February 24, 2011 Leave a Comment
Recently I was intrigued by the work of an Internet marketer who professes to be an expert in the subject area. I’ve been following some of her work lately and last night I decided to tap into the recording of a call about how to improve your marketing through social media.
He kept promising “breakthrough secret!” that would transform our businesses immediately. I listened. He kept talking about this “breakthrough secret” that he would “reveal during the call!”
He kept hyping.
After 25 minutes, someone rang my doorbell and I had to stop the recording. I was never so thankful to see a courier delivery man in my life. Was there a breakthrough secret? Maybe. But by then, I felt like I’d already wasted enough of my time listening to hype that was going no where. I never went back to the recording.
I’ve seen the same kind of hype in webinars and it drives me nuts. It got me thinking about what makes a virtual presentation truly great. Here are the 10 commandments that will ensure top quality sessions. I’ve left out the “Thou shalt”, but you get the idea.
#1 Have one, two or three clear, precise goals
What’s the purpose of your webinar, webcast, videoconference or e-learning session? How would you finish this sentence? “By the end of this presentation, I want my audience to …” Then, translate that thought into concrete learning objectives for your participants. Here are some examples I’ve used in my own webinars:
- “The goal of today’s session is for you to learn how to market and promote your own webinars.”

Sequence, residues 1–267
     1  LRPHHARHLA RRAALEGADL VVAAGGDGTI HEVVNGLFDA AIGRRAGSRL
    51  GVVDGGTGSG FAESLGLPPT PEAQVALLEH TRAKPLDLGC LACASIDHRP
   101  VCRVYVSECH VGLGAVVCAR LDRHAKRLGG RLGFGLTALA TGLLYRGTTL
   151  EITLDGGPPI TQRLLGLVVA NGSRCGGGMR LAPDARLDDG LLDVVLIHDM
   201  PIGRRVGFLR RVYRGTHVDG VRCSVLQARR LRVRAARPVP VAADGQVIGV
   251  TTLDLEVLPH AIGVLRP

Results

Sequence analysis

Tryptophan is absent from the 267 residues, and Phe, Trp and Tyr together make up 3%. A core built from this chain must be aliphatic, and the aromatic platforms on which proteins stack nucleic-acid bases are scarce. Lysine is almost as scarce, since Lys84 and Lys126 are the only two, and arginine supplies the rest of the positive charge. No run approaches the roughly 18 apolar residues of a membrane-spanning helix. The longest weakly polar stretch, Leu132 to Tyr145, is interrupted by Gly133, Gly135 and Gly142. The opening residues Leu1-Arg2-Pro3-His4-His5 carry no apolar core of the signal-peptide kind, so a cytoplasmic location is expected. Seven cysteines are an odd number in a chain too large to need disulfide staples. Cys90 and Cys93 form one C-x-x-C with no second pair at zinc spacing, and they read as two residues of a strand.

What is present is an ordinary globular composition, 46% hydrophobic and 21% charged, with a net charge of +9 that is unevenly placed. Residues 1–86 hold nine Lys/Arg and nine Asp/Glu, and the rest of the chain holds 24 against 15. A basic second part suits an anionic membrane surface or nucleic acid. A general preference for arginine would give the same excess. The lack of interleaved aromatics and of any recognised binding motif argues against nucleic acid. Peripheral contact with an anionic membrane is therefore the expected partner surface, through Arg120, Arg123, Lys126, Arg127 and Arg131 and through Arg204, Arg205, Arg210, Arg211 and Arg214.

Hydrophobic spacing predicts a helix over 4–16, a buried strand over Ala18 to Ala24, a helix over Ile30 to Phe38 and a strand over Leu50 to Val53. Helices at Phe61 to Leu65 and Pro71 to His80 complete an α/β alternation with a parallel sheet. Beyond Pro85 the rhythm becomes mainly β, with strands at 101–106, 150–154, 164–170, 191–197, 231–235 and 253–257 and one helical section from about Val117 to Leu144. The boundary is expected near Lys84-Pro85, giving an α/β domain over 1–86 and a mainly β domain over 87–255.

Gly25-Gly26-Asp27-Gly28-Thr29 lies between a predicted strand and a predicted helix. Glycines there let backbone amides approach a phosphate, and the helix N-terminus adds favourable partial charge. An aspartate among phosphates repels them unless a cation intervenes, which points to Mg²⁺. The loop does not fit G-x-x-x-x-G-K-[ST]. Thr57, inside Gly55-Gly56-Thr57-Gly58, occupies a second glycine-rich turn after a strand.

- “The objectives today are to help you understand the different types of virtual presentations and determine which one works best for you.”
- “By the end of our session today, you’ll be able to 1) build, design and use Google forms 2) know how to embed them on a website or send them in an e-mail and 3) access the data your respondents have given in a spreadsheet.”
Keep it to a maximum of 3 goals or your participants may get overwhelmed. If you have more than that, break up your content into more than one session.
If you pride yourself on flying by the seat of your pants and having everything “always work out”, then webinars may not be for you. There’s no such thing as over-preparation when it comes to virtual presentations. Here are a few things you’ll want to spend some prep time on:
- Agenda – Do you know what you’ll be doing, when? If you have a co-host, what is he or she doing?
- A script – You won’t actually read from your script, but writing it out will help you to collect your thoughts and sound coherent.
- Technical equipment – Test it all before you actually run your session.
These are just a few examples. Really, you want to have every detail of your webinar prepared ahead of time. It will make you look professional and add to your credibility.
#3 Provide high quality content
There’s a saying in professional speaking that “content is king”. If your presentation is all hype, your audience will tune out. Once that’s happened, you’ll never, ever get them back again. All hype and no content makes a webinar a useless waste of time.Go ahead and be excited about your content and present with energy. Just make sure that there’s substance to your presentation.
#4 Share relevant information